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Comment: Re:Yeah, but women want it all (Score 1) 427

by PFactor (#46397465) Attached to: All Else Being Equal: Disputing Claims of a Gender Pay Gap In Tech
Not that I disagree with your point but clothing and makeup purchases can be amortized over several dates. A man might pay less overall than that specific woman, but he is probably paying more for the date he is actually on with her. She can wear the same outfit, use the same makeup, and have the same haircut for another date the next night and her cost per date just halved.

Comment: Re:Summary that misrepresents the Article... *shoc (Score 2) 373

by PFactor (#46267801) Attached to: Report: Valve Anti-Cheat (VAC) Scans Your DNS History
What he means is that there are rainbow tables available for many MD5 hashes. There is software that can search hundreds of thousands of possible hashes per second. You don't need to calculate the MD5 hash over, you just have to do a simple text compare, followed by a lookup in the rainbow table. If you have a rainbow table of the major hack sites in which you're interested, I bet it doesn't take more than a second or two to determine if the hash you sent is of one of those sites. Maybe that doesn't fit your definition of easily enumerable, but it fits mine.

Comment: Re:"Oh noes! The people keep voting it down!" (Score 2, Insightful) 153

by PFactor (#43434541) Attached to: Google, Apple Lead Massive List of Companies Supporting CISPA
That will only work for maybe 200 years. Example: the 2nd amendment's "shall not be infringed" bit that's been blatantly ignored for the last few decades. The founding fathers made that as clear as they could, yet we're still screwing it up. What makes you think we can make our intentions any clearer for any longer?

Comment: Highlights the importance of risk management (Score 1) 214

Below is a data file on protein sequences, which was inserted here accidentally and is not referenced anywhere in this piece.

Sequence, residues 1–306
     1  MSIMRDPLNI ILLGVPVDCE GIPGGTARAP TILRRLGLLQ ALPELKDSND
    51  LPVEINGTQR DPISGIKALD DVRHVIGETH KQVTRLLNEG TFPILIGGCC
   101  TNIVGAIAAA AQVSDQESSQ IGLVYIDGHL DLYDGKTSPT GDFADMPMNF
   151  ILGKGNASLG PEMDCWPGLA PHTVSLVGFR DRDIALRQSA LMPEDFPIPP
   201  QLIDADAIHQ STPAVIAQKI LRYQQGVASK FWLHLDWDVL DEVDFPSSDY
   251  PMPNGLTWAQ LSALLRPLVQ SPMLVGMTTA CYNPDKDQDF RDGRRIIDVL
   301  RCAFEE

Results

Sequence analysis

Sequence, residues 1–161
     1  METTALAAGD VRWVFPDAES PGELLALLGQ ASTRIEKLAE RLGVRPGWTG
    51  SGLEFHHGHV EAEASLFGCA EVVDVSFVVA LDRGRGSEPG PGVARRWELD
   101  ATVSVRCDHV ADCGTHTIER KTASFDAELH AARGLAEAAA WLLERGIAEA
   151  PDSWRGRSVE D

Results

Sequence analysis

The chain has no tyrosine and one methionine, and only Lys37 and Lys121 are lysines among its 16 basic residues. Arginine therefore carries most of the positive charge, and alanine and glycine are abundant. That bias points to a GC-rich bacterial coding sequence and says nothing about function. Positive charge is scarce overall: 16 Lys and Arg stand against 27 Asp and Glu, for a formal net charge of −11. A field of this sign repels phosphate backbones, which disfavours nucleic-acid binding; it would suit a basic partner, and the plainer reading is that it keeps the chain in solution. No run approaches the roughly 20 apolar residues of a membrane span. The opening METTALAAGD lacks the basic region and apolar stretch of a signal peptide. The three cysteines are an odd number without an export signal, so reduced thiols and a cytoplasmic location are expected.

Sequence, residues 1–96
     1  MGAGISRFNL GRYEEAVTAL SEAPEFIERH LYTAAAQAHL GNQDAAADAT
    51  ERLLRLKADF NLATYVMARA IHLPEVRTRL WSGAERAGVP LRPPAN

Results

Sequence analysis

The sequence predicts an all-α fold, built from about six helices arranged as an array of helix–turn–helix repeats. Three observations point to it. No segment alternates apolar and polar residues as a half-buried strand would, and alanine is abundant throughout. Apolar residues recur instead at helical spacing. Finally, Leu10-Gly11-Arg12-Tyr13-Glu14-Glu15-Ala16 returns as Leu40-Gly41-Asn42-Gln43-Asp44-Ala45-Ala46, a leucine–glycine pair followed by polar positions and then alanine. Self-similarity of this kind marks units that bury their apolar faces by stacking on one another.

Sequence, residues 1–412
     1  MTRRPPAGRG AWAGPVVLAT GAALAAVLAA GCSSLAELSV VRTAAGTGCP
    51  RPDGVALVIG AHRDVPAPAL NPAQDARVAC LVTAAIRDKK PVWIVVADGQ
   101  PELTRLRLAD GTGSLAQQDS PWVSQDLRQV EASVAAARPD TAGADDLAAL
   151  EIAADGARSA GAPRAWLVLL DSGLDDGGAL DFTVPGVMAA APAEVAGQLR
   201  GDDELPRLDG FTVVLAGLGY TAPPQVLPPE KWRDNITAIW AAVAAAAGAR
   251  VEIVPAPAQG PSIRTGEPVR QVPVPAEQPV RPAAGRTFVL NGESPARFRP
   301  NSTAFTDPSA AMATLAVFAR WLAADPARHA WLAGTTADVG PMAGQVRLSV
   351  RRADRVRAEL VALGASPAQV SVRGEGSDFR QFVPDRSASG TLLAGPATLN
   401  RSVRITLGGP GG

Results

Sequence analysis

by PFactor (#40920581) Attached to: Could a Category 5 Hurricane Take Down East Coast Data Centers?
Here we have a risk that requires mitigation. If you owned the facilities in question you would know your disaster preparedness and would know how much effort you are willing and able to put into enhancing it.

But since you don't own these facilities you have to trust the companies that do own them to do what you would do (or better). The only real controls you have are in negotiating the initial contract (regarding SLAs, especially) and in designing your system to withstand a failure of one company to protect their facility. That means you have to either buy resources on both coasts from one company or buy resources from multiple companies whose facilities are geodispersed and make sure your code/platform understands and deals with losing one or more of them.

The leggy gal on the sales team won't tell you any of this. I think most people don't find out about it until the disaster actually happens. It's pretty much like any other piece of your tech stack: the vendors will whitewash the risks and your job is to see through that and manage it.

I submit this isn't a risk caused by the use of "the cloud" (egad, do I hate that term!) so much as a risk that's part of any IT project and you deal with it the same way.

So to answer the original question, maybe a CAT 5 hurricane can take those facilities down but the question you should be asking is, "Have we completely understood the risk to the business and have we taken appropriate steps to protect it?".

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